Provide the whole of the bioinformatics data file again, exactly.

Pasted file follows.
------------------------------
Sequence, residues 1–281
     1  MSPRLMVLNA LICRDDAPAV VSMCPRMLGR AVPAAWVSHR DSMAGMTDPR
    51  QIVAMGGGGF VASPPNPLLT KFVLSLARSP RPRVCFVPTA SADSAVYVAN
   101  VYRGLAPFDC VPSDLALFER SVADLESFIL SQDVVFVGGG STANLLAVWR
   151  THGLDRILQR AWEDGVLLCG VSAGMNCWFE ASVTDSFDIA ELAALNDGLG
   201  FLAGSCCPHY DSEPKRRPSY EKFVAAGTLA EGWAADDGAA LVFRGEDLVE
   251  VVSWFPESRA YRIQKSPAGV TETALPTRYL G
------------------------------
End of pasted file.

Sequence, residues 1–281
     1  MSPRLMVLNA LICRDDAPAV VSMCPRMLGR AVPAAWVSHR DSMAGMTDPR
    51  QIVAMGGGGF VASPPNPLLT KFVLSLARSP RPRVCFVPTA SADSAVYVAN
   101  VYRGLAPFDC VPSDLALFER SVADLESFIL SQDVVFVGGG STANLLAVWR
   151  THGLDRILQR AWEDGVLLCG VSAGMNCWFE ASVTDSFDIA ELAALNDGLG
   201  FLAGSCCPHY DSEPKRRPSY EKFVAAGTLA EGWAADDGAA LVFRGEDLVE
   251  VVSWFPESRA YRIQKSPAGV TETALPTRYL G